Ms. Tan also said it would be difficult for inflation to stay firmly within the 2-4% target band this year.
“We expect some volatility in the opening months of the year given the risk that the El Niño weather pattern could strengthen and keep food prices elevated. That should see inflation bump around the 4% mark before returning firmly to BSP’s target range by mid-2024,” she said.
The El Niño phenomenon, which affects local agricultural production, is expected to last until the second quarter of the year.
Union Bank of the Philippines, Inc. Chief Economist Ruben Carlo O. Asuncion said full-year inflation may hit 3.7% by end-2024.
He noted higher food inflation may cause headline CPI to breach the 4% target again in April, before settling back to the target in the second half this year.
“We project core inflation to end 2024 at 3.5% for a full-year average of 3.2%. El Niño-spawned food price shocks will not spill over into the non-food segment of CPI (60% weight),” he said.
For his part, ING Bank N.V. Manila Senior Economist Nicholas Antonio T. Mapa said the central bank’s baseline forecast shows inflation is within the 2-4% target this year.
“We believe that we could very well see inflation settle within target for the year barring any supply-side shocks and if fiscal authorities continue their push to combat price pressures,” he said in an e-mail.
The BSP’s average inflation baseline forecast is at 3.7% for 2024 and 3.2% for next year. Meanwhile, its risk-adjusted inflation forecast is at 4.2% this year and 3.4% for 2025.
BSP TO KEEP RATES STEADYWith inflation likely to slow further in January, it is highly likely that the BSP’s tightening cycle is over, Ms. Tan said.
“An easing inflation in January, especially since it will be tempered by a high base effect, will see the BSP hold its policy rate steady at 6.5% when they next meet in February,” she said.
Despite the widely expected decline in inflation, the BSP is expected to remain vigilant against risks and price pressures, according to Ms. Velasquez.
“Various factors, including the impact of El Niño on rice production, geopolitical risks affecting freight costs and oil prices, and domestic risks like transport fare increases due to public transport modernization, will keep inflation risks elevated throughout the year,” she said.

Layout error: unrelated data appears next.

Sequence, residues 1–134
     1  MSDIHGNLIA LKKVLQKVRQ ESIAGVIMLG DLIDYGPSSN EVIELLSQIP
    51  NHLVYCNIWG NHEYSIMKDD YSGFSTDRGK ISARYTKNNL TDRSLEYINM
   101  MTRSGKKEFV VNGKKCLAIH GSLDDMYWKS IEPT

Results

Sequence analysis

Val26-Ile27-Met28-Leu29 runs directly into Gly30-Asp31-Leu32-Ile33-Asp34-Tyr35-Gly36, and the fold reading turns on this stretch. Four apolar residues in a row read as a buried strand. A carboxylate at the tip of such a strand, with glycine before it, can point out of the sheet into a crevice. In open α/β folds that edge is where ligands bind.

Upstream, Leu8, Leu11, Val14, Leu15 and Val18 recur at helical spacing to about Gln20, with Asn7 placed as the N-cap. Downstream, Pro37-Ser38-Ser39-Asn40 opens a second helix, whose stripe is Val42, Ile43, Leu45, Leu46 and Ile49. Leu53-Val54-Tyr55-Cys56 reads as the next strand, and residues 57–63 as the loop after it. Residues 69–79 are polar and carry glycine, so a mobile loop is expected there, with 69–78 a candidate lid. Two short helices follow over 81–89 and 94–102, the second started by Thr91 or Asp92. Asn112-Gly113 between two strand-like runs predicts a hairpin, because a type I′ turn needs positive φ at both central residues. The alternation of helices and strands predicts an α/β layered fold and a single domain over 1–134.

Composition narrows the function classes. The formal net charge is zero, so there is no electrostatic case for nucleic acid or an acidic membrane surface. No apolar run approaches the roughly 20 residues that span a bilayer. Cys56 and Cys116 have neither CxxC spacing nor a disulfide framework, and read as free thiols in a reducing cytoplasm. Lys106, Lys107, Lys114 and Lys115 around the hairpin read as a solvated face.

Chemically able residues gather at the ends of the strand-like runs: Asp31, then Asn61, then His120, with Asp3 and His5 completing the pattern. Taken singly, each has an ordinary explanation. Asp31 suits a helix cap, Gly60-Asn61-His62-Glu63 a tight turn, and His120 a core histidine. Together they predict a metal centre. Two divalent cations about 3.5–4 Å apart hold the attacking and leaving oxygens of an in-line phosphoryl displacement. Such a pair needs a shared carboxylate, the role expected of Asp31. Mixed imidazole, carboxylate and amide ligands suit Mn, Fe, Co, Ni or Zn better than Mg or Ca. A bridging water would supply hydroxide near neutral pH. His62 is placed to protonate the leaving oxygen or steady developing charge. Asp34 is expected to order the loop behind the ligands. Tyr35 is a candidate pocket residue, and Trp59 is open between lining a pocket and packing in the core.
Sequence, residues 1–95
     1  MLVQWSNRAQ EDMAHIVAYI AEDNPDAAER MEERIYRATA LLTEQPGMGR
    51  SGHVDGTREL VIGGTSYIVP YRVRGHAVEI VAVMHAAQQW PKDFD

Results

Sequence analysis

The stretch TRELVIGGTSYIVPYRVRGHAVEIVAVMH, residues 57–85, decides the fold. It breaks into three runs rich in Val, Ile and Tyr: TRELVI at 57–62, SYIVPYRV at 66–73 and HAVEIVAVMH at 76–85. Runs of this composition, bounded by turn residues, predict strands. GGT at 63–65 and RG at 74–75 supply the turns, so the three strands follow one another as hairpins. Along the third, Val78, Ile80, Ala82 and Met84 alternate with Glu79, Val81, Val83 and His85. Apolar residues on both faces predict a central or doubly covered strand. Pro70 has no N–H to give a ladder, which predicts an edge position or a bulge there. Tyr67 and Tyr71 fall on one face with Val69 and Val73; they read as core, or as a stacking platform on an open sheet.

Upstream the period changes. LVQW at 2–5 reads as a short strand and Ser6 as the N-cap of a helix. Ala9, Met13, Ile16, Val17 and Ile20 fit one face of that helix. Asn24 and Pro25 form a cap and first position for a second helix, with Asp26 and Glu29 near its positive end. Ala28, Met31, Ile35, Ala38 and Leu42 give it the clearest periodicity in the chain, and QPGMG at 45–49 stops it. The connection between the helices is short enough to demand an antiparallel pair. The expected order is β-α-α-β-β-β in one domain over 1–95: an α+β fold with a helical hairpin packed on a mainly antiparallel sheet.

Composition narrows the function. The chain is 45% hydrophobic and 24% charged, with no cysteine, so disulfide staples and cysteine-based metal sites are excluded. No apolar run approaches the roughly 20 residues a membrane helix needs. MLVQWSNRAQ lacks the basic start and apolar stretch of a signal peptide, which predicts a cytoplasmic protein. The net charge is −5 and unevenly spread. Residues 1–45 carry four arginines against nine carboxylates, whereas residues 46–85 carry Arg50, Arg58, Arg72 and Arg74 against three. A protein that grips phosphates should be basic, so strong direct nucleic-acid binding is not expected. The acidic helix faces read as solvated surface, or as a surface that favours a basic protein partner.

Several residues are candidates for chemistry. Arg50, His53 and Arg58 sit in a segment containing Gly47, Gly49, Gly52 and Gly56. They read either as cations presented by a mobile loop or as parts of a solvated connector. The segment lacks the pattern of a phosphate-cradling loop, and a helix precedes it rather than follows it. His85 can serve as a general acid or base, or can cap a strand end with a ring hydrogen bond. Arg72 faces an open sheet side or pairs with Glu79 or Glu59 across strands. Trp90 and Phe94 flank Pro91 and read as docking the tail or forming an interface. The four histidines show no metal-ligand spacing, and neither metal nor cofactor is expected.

“As a result, the BSP will likely continue to closely monitor and manage these risks to ensure price stability and maintain an appropriate monetary policy stance,” she added.
The BSP hiked borrowing costs by 450 basis points (bps) from May 2022 to October 2023. This brought the key interest rate to 6.5%, the highest in 16 years.
The Monetary Board may also opt to keep rates steady due to the stronger-than-expected economic growth print in the fourth quarter, Mr. Chanco said.
“Accordingly, we now expect the BSP to remain on hold next month, and the earliest the Board is likely to cut is now May, from our point of view,” he said.
Philippine gross domestic product (GDP) grew by just 5.6% in 2023, slower than the 7.6% expansion in 2022 and below the 6-7% target of the government.
Patrick M. Ella, economist at Sun Life Investment Management and Trust Corp., said the inflation figures in the coming months and the timing of the US Federal Reserve’s rate cut is a more important variable in the BSP’s policy decision making.
“The real question is if the BSP will consider a 50-bp cut in the next few months and so far, I’m still not convinced they will, but we have to keep this topic open for consideration,” he said.
The BSP will have its first policy review of the year on Feb. 15.